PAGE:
The proponents of ACTA use the term "intellectual property", which is meant to discourage clear thinking. That term refers to ten or more unrelated laws, which at the practical level have nothing in common. The term focuses on an irrelevant abstract similarity, and distracts attention from the real issues raised by one law or another.
A few of those laws have one point in common: megacorps want to change them to gain more power over future competition or the public, and ACTA is their latest try. ACTA has different rules for each law. The term "intellectual property" misrepresents the facts about ACTA.
ACTA's main effect in Europe would be on copyright law. ACTA gives copyright priority over human rights. It gives priority to copyright holders over the users of copyrighted works.
When the copyright lobby demands increased power to stop sharing, it bases the argument on exaggerated, unlikely claims of what they "lose" when people share. ACTA legitimizes these absurd claims, even in court, so you could be forced to pay hundreds of thousands of euros of imaginary "damages" for a little bit of file-sharing.
ACTA says governments can ask ISPs for "cooperation", which can include surveillance, filtering, deletion of pages, even punishment of users without a fair trial. Meanwhile, ISPs, hosting sites and search engines could be prosecuted if they do not censor.
Many aspects of ACTA are vague. For instance, it says governments must attack “means of widespread distribution for infringing purposes”. Will this ban blogging platforms? Bittorrent? File locker sites? Who knows?
Some aspects of ACTA are dishonest -- blackwhiting, to use Orwell's term (see 1984). For instance, it imposes criminal punishment on noncommercial copying by tying it to the word "commercial". Specifically, it says copying is "commercial scale" if it provides "direct or indirect economic or commercial advantage". What counts as "indirect economic advantage"? Arguably the benefit of not buying a second copy of something is enough to make noncommercial copying a crime.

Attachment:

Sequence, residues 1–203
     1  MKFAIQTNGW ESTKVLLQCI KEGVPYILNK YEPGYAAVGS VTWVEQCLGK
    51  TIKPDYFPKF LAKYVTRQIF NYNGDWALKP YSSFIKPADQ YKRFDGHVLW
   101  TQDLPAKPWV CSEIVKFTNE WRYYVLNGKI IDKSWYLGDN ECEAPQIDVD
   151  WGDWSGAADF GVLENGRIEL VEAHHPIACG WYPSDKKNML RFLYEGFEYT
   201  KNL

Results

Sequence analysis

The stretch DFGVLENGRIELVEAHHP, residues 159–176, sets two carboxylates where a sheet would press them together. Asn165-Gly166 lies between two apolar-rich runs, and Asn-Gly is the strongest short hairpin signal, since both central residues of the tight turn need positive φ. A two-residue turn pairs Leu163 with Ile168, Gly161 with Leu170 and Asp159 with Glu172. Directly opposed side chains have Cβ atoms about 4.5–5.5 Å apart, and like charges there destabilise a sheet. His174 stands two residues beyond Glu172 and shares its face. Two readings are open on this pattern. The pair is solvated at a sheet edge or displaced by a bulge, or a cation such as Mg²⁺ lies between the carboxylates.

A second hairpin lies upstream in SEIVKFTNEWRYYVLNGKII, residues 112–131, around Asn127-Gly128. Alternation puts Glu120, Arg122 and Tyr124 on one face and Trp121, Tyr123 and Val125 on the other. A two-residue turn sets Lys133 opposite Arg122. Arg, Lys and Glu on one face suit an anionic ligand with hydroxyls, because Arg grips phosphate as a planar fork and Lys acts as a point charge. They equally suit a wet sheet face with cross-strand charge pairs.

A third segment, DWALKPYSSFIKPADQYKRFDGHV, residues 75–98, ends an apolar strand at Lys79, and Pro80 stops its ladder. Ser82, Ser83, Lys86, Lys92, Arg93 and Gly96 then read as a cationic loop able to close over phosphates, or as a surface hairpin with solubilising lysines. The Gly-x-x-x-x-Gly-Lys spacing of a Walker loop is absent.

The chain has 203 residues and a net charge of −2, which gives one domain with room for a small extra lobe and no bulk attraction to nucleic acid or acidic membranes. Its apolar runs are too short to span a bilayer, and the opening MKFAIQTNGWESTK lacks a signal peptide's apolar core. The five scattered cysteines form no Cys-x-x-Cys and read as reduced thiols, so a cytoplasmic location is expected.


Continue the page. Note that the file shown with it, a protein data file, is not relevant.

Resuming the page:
Given ill will shown when governments negotiated ACTA, we must judge it by the worst possible interpretation. ACTA can be interpreted to make it a crime to share copies with your friends. Will the copyright lobby go to court and argue for this interpretation? Surely. Will it win? Don't give it the chance!
Some politicians say that ACTA is not something to fear, but they can't know what ACTA will morph into. One of the disasters of ACTA is that it can be altered later by agreement among the countries involved. In effect, these governments will together have the power to bypass their parliaments. To ratify ACTA is to give carte blanche to a rigged process.
The Internet needs some rules, but who should decide them? Traffic rules for cars should be decided democratically by the people, not written secretly by railroads. The Internet rules should be decided democratically by the people, with human rights as the first priority, and the people must reserve the right to relax rules if they prove too strict. That means, the rules must not come from ACTA! What should these rules be?
Copyright companies have too much power already; they have made copyright too strict. They are not satisfied and seek more power through ACTA, but that would be a change in the wrong direction. Their laws cause problems for us, and it is our turn now to be considered. Our governments must reduce copyright power: shorten copyright to 10 years, legalize noncommercial redistribution of exact copies (sharing), ban Digital Restrictions Management (the malicious features that turn digital devices into handcuffs), and ban EULAs on published digital works. Then we could consider small concessions to the copyright companies.
Copyright 2012 Richard Stallman -- Released under the CC-BY-ND 3.0 license;
first published in Poland, by Tygodnik Powszechny (taken from http://stallman.org/articles/acta-freedom.html)